originally posted on 30-09-2021 9:12 PM
Goodnight @Lost_Space_Explorer5 I hope you're enjoying your night, take care of yourself and chat soon 🙂
originally posted on 30-09-2021 8:37 PM
It sounds like it would help to have a chance to chat with someone in detail, unpack the challenges and hopefully gain a better understanding of what areas you'd like support for. I would recommend talking to careers counsellors, I've done so for things like this many times.
I also take time to ask my usual psychologist about this kinda stuff so I can ask for help. It might be worth contacting Job Access and seeing if they have support for this kinda thing 🙂
1800 464 800
originally posted on 30-09-2021 8:33 PM
It depends on what the condition/ disability is, if its likely to affect your ability to do the job, then it’s best to try and disclose it, if it won’t affect your ability to do the job, then you can probably get away with not mentioning it. Most employers will be happy to accommodate you and give you the extra support needed to succeed. You don’t have to share every part of your condition/disability, really just the parts that may affect your ability to do the job well, only having to disclose a small amount of information relating to what youre living with can make it easier especially when it is embarrassing or personal
originally posted on 30-09-2021 8:22 PM
Burnout can manifest in many different ways but the main signs are, being constantly exhausted, feeling extra irritable,loss of appetite, finding it hard to concentrate and lack of motivation. These can be managed by taking a step back and looking at your situation, do you need to take some days off? reduce your hours? and when you first notice the signs of burnout, up your self care, take some more time for yourself to do nice things, and talk to someone about how you may be feeling.
originally posted on 30-09-2021 8:25 PM
Yes to all of that @KaiRoe if you're feeling burnt out it's crucial to try something new and ask for support. A psychologist can help you recover from burn out too - you don't have to do it alone!
originally posted on 30-09-2021 8:07 PM
This is a great question! It's important to have these conversations.Keen to see what you think @KaiRoe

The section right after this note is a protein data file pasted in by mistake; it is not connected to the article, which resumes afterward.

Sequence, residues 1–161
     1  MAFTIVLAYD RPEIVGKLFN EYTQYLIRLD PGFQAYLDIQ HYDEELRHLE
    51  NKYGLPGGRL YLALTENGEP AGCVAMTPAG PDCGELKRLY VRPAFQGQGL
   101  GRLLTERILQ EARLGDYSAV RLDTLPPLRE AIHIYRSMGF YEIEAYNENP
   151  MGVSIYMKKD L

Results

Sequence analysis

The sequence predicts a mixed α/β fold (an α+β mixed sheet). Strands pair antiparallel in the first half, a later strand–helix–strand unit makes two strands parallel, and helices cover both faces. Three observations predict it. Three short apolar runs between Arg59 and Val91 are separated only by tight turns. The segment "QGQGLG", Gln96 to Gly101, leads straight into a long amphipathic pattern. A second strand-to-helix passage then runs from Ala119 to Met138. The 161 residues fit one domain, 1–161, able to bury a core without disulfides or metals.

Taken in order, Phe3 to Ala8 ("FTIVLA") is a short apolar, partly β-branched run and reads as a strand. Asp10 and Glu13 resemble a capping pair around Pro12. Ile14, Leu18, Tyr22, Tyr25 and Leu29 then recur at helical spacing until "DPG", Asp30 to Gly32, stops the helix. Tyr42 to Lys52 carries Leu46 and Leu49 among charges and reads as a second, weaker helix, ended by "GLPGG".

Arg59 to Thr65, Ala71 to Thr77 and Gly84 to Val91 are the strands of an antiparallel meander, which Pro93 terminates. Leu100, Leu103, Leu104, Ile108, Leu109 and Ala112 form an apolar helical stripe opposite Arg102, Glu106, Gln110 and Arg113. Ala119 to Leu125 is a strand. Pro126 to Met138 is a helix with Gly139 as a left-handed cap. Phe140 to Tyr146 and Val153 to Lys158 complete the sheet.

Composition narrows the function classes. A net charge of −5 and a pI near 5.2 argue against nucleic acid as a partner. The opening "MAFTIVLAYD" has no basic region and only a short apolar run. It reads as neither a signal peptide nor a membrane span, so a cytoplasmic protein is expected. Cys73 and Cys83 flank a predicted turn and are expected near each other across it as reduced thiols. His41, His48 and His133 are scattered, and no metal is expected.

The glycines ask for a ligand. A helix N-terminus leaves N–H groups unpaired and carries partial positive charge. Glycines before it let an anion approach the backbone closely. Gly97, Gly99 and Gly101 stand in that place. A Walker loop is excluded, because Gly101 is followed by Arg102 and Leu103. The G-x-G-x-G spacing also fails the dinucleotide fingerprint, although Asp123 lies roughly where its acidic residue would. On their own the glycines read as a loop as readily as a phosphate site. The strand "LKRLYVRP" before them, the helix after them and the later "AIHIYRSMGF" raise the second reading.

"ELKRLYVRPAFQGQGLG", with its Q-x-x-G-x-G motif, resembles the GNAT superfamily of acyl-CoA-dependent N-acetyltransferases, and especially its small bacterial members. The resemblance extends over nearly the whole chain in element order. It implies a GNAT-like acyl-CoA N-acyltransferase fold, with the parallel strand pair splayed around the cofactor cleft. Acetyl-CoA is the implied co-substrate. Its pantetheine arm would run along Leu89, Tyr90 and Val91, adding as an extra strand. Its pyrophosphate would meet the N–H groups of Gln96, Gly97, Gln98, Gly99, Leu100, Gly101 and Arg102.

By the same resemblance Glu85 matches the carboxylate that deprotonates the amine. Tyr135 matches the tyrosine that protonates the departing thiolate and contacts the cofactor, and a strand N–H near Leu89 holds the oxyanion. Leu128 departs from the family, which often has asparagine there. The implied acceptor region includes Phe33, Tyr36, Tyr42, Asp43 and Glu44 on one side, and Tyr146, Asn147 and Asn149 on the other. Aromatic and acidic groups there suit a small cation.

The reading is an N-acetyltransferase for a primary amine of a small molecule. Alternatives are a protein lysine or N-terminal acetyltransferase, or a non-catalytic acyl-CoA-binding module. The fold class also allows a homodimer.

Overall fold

How can we start a conversation about the stress we are experiencing in our job?
originally posted on 30-09-2021 8:10 PM
Talk to someone you trust like a friend or a family member, it can be as easy as saying “hey, work is tough right now and I’m super stressed, can i talk to you about it?" remember you're not alone in dealing with work stress, chances are the person you are talking to has experienced something similar and will have some good advice
originally posted on 30-09-2021 8:17 PM
Telling your close people is always a good idea, agreed @KaiRoe If things get really hard it could be worth seeing a counsellor. Part of their role is to support you with decision making, I've found it really helpful personally 🙂
HeadsUp is a cool org that is all about workplace mental health - definitely one to check out.
originally posted on 30-09-2021 8:18 PM
Some places also have employee assistance programs. I've never used them, but I've had friends recommend them to me.
originally posted on 30-09-2021 7:51 PM
Job interviews are not a walk in the park, especially if you're new to them. The good news is practice makes progress and over time they do get easier!
@KaiRoe Do you have any tips for getting through a job interview?
originally posted on 30-09-2021 7:55 PM
Practice definitely does make them alot easier but my top tips are: Research the place you are interviewing for, this way you can show you really want the job. Try practicing answers to some of the most common interview questions beforehand so that you have an idea of what you want to say. Always have a question for them, it shows that you're interested, one of my go to questions to ask is What is the biggest challenge that a new hire faces in this role?
originally posted on 30-09-2021 8:02 PM